The Big Idea

This podcast is a response to two facts about academic work today:

The first fact is that scholarly work, despite its importance, rarely reaches a broad public audience.  Unless counterintuitive findings appear in major newspapers or are popularized on various blogs and shared via social media, the general public has no means of seeing the various ways academic work speaks to contemporary issues.

The second fact is that scholarly work rarely reaches a broad academic audience.  Outside of the occasionally discipline-defining work of, recently, Timothy Morton or David Harvey or Sara Ahmed, most academic publications are aimed at (and read by) narrower and narrower circles of one’s peers within the confines of one’s own disciplinary boundaries.

Neither of these ought to be the case.  Scholarly work very often takes on the same problems that politicians and the public grapple with — issues of freedom and rights, race and policing, health care and research, education and accountability, and so on.  And very often, scholars working within entirely different disciplines, unbeknownst to one another, bring their very different perspectives, their very different methodologies and canonical texts, to bear on the same issues.  A book that focuses on the literary representations of Caribbean performance practices shares a theoretical foundation with an ethnographic study of protein modelers. A philosophical book on moral emotions with support from Tolstoy and Wittgenstein is echoed in studies of black feminist autobiography.

The thing is, none of these authors would ever just happen to read each other; they wouldn’t even encounter each other at the national conferences in their respective fields. Because they publish in different journals and they aim at different audiences, the occasions for discovering these areas of common concern are rare indeed.

And that is to say nothing of how far removed from a public discourse all of this is.

So the general public, and politicians, and increasingly university administrators, too, say, “What good are the humanities and the social sciences? What are they for?

Broadly speaking, this show is an attempt to find out.

Let me give an example. Two different kinds of crises these days — the Syrian out-migration and the Black Lives Matter movement — raise hard questions about a nation’s responsibility to its citizens; about the way citizenship is defined, acquired, and demonstrated; about moral obligations to others deriving from a broader human rights framework; and about how all of these questions come together with notions of belonging having to do with race, class, religion, crime, health, gender, and so on.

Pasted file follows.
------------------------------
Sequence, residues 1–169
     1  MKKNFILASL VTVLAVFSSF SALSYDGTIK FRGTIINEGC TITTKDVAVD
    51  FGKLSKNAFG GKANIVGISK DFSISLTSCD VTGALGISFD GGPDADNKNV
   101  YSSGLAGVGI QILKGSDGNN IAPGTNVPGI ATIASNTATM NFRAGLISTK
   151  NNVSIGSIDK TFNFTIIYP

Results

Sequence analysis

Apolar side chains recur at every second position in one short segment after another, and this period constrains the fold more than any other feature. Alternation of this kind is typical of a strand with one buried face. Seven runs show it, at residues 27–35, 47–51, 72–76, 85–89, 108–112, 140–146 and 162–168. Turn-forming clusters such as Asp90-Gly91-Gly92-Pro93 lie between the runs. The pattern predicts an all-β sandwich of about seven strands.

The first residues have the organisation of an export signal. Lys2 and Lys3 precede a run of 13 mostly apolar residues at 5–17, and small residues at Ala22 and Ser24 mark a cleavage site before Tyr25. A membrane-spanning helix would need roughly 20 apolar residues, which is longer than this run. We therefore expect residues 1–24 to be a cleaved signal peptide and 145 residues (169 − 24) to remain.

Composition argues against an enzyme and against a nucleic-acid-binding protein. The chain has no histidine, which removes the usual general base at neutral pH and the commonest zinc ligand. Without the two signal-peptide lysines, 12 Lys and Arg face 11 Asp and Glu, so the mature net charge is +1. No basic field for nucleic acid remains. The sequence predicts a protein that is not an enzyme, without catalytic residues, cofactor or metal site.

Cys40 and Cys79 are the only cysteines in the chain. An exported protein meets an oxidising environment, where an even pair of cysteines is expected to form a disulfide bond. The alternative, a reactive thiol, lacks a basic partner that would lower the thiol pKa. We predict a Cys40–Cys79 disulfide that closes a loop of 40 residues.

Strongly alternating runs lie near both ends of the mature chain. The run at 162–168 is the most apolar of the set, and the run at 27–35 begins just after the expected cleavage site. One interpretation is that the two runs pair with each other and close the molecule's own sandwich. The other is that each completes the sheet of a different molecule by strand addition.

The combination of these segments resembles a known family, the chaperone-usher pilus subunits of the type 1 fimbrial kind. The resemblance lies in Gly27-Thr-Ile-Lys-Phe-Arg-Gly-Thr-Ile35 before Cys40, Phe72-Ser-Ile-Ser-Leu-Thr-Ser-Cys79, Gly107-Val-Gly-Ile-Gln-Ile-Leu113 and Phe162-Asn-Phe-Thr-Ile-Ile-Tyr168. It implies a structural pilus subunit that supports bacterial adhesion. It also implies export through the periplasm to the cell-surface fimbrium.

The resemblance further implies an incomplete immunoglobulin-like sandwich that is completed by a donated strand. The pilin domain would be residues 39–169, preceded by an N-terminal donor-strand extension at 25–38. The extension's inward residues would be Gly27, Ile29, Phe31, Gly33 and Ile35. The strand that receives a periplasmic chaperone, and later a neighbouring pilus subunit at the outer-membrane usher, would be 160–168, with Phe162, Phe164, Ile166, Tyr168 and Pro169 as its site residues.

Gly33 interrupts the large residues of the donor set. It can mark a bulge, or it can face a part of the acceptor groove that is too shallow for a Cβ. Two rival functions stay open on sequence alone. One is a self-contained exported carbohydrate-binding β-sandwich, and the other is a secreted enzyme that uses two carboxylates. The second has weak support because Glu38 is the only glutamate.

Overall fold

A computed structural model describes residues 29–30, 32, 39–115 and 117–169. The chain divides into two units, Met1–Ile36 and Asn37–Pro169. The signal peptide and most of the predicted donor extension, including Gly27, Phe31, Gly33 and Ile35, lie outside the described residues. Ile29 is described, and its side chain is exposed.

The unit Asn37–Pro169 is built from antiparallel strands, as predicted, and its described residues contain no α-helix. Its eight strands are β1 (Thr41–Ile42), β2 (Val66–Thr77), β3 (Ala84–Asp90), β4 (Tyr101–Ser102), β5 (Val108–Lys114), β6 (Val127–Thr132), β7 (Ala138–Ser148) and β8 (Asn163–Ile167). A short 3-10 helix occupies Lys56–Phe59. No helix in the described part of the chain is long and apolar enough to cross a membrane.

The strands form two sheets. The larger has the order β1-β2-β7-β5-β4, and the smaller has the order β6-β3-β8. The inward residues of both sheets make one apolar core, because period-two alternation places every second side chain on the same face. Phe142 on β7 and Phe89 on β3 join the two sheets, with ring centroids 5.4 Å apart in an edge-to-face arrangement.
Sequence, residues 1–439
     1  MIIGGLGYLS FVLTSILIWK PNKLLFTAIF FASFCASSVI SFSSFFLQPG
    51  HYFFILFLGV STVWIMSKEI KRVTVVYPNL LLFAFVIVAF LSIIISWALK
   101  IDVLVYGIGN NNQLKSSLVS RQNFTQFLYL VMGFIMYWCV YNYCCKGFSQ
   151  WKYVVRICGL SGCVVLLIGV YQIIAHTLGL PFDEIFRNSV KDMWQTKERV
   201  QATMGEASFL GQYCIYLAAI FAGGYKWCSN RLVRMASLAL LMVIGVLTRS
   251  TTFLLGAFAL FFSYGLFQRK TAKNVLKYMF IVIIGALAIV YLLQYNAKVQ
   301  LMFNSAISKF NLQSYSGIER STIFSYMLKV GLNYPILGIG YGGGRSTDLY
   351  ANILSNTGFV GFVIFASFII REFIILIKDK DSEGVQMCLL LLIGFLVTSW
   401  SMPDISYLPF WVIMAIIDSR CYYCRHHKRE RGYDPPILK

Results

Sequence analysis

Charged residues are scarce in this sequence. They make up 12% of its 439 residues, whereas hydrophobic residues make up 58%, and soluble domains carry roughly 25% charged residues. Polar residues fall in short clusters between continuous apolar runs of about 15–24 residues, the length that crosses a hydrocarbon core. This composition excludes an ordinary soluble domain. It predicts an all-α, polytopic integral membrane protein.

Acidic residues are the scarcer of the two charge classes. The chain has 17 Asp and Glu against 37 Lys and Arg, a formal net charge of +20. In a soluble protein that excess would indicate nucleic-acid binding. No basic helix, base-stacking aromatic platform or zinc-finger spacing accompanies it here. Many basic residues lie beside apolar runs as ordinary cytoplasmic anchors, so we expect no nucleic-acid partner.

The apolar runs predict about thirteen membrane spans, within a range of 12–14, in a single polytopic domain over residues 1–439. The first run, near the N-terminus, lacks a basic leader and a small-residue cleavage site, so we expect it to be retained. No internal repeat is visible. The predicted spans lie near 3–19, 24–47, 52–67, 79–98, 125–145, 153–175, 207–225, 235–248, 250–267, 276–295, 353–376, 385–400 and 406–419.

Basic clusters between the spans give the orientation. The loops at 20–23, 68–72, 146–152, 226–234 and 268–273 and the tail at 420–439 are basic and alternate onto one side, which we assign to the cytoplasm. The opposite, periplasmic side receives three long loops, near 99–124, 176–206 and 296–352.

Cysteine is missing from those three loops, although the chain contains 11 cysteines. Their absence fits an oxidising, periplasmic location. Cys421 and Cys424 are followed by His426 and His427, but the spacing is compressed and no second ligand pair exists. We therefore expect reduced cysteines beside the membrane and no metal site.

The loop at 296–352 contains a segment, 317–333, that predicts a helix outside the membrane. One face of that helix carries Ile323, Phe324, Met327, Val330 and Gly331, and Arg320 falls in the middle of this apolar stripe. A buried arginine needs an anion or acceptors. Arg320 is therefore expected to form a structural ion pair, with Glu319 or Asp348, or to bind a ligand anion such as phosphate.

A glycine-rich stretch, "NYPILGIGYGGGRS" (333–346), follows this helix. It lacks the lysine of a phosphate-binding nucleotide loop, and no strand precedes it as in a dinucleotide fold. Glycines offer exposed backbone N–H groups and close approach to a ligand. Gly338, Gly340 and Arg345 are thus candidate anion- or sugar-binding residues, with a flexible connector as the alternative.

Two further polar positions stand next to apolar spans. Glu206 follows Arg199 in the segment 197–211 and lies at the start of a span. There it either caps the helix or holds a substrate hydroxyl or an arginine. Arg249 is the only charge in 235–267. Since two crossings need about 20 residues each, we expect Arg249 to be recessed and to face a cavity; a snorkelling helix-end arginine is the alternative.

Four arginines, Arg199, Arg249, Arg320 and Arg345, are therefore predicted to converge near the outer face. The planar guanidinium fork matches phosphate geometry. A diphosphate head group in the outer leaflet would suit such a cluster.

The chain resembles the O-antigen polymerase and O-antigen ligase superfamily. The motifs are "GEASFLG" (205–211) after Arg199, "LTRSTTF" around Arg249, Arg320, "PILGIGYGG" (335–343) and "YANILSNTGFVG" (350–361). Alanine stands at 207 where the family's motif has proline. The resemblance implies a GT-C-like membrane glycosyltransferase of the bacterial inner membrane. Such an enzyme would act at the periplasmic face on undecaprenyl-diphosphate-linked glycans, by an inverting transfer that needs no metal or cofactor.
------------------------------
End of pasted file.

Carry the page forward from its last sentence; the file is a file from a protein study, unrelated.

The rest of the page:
In each of these crises, it’s not the drawing of lines between persons and non-persons that’s at issue – in both cases, there’s the sense that it’s being done incorrectly, say unjustly. Any impulse to correct such injustice will have to deal with the reasons it’s being done wrong presently. And just this kind of problem, which is all-pervasive in human life at global and local scales, calls for the humanities and the social sciences.

Because the primary aim of this show is to provide a forum for conversation across disciplinary divides, such that each scholar, and the general audience, comes away with something of an enlarged sense of a given set of problems, an episode of Interdisciplinary Radio dealing with these issues of personhood and citizenship in Black Lives Matter and the Syrian migrant crisis would bring together academic scholars from a wide variety of fields to unearth the ways in which these questions are difficult and offer some means of addressing their difficulty.

A show dedicated to the above topic might include scholars from the fields of Art History, English Literature, French and Spanish Literature, the History of Science, American Studies and Ethnicity, and Law.

Two of these scholars, one in Art History and the other in the History of Science, remind us that the ideal Enlightenment person was thought not only in terms of national belonging, but in terms of technological ability.  A third scholar, in English Literature, points out that this Enlightenment subject was also imagined in a particularly economic way: the very picture of the healthy mind imitated a certain picture of the circulation of money.

The legal scholar also talks about the relationship of mental functioning to full personhood,  focusing not only on compromised capacity as a legal defense or an excuse, but also on the ways in which challenges to one’s mental capacity could be and were used to deprive a citizen of rights and property in 18th and 19th century American courtrooms.

Lastly, the Spanish and French Literature scholar and the American Studies and Ethnicity professor concentrate on notions of belonging and personhood that run alongside the standard figure of the Enlightenment subject, showing forth the limits of that European sense of personhood and human worth, and providing new eyes through which to see the phenomenon of popular protests and the figure of the migrant.

The big idea is, then, is this:  resolving either of the crises I’ve been talking about will require gathering together the assumptions and the examples that underlie the various parties’ claims and counterclaims to justice, and imagining collaboratively different models and better futures.

If the humanities and the social sciences are for anything, shouldn’t it be something like this?